Parkinson’s disease affects the brain and gradually prevents your ability to control your body’s own movements. The 3 main symptoms are involuntary shaking of particular parts of the body, slowed movement, and stiff muscles. It occurs when a neurotransmitter called dopamine is no longer produced, so the brain can no longer communicate with the body.

Currently, there is no cure only treatments to help patients control the effect Parkinson’s has on their body. Unfortunately when signs of Parkinson’s appear, irreversible damage has already been done, so a method to detect the disease earlier is needed.

Chief investigator Professor Dinesh Kumar said many treatment options for Parkinson’s were effective only when the disease was diagnosed early.

“Pushing back the point at which treatment can start is critical because we know that by the time someone starts to experience tremors or rigidity, it may already be too late,” Kumar said.

“We’ve long known that Parkinson’s disease affects the writing and sketching abilities of patients, but efforts to translate that insight into a reliable assessment method have failed – until now.”

The team designed a software that is able to detect whether or not someone will develop symptoms of Parkinson’s just by analysing how they draw a spiral.

“The customised software we’ve developed records how a person draws a spiral and analyses the data in real time. The only equipment you need to run the test is a pen, paper, and a large drawing tablet.

Better screening is high in demand with an estimated 10 million people living with the disease. The study involved 62 people diagnosed with Parkinson’s disease on a scale of no symptoms to highly affected. They tried many different letters or alternative shapes but found drawing a spiral was the most reliable way.

Professor Kumar added, “With this tool, we can tell whether someone has Parkinson’s disease and calculate the severity of their condition, with a 93 per cent accuracy rate.”

“While we still have more research to do, we’re hopeful that in future doctors or nurses could use our technology to regularly screen their patients for Parkinson’s, as well as help those living with the disease to better manage their condition.”

Read the original article here

There is a potential new approach to treat tumours using a chemical you probably wouldn’t suspect but most likely have heard of.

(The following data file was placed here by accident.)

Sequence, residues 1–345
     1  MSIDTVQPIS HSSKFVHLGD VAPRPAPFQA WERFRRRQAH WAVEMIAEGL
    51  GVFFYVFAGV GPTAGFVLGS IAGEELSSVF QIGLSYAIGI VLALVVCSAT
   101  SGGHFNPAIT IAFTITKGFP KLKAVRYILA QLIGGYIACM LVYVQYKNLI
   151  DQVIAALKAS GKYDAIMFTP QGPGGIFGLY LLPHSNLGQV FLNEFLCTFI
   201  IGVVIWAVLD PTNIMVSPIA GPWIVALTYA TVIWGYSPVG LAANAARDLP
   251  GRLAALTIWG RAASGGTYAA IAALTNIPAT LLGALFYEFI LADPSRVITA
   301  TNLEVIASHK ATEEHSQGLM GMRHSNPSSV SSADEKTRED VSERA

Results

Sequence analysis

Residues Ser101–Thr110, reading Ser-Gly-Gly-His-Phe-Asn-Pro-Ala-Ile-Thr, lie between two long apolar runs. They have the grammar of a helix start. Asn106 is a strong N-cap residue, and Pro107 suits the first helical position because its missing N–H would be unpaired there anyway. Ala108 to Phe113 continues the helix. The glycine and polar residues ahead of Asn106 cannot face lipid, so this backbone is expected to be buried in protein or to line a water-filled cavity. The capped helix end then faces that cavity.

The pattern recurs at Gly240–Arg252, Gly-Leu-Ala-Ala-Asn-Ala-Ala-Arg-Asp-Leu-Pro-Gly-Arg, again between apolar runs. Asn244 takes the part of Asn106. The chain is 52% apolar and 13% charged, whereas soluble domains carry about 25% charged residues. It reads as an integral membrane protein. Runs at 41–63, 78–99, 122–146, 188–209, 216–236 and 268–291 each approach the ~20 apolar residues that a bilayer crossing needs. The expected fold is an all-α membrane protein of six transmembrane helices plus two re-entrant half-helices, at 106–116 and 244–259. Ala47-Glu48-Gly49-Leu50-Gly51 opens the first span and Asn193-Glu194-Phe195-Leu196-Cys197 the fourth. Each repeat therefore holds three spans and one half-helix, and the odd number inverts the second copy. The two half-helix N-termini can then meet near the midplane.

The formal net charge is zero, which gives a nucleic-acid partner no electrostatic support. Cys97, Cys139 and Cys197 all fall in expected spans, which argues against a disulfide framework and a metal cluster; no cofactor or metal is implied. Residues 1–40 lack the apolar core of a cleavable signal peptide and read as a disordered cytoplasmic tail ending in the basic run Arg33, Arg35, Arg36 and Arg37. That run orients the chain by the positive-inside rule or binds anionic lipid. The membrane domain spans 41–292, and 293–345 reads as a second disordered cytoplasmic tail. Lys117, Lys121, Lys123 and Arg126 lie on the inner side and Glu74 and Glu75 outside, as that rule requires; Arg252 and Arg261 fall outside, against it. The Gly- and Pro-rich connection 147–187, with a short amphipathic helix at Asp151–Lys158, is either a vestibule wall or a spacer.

The new technique is very similar to an already existing approach called ethanol ablation, which if you were wondering why it sounds familiar, is more commonly known as alcohol. One of the great things about ethanol is that when compared the cost of surgery, it is relatively much cheaper in the region of $5.

A team of researchers from Duke University has developed a treatment which widens ethanol’s applications for various different cancers. Currently, ethanol ablation can only be used for specific cancers, due to the risk that it may leak into the body. However, the researchers created an ethanol based gel by mixing ethanol with ethyl cellulose. When this solution is injected into a watery tumour site, it becomes a gel which is confident to its initial injection site.

To examine the solution’s capabilities, hamsters with squamous cell carcinoma in their cheek pouches were injected with either the ethanol ablation or the ethanol based gel. Results for the ethanol ablation were not good. After seven days, 0 of 5 tumours regressed completely. The results for the ethanol gel were far superior. After seven days, 6 of 7 tumours regressed completely, with the last regression by the eighth day.

This study has only been a proof of concept but with a 100% cure rate, one can’t help but get excited. This treatment is far cheaper to produce with the potential to be changed to have possible benefits for breast cancers and cervical precancerous lesions.

Read the original article here


It isn’t often you hear about tidal energy in the news but it has the potential to power the world. Particularly, Scotland has the potential to exploit the Pentland Firth which is widely considered to be one of the world’s best sites for tidal power.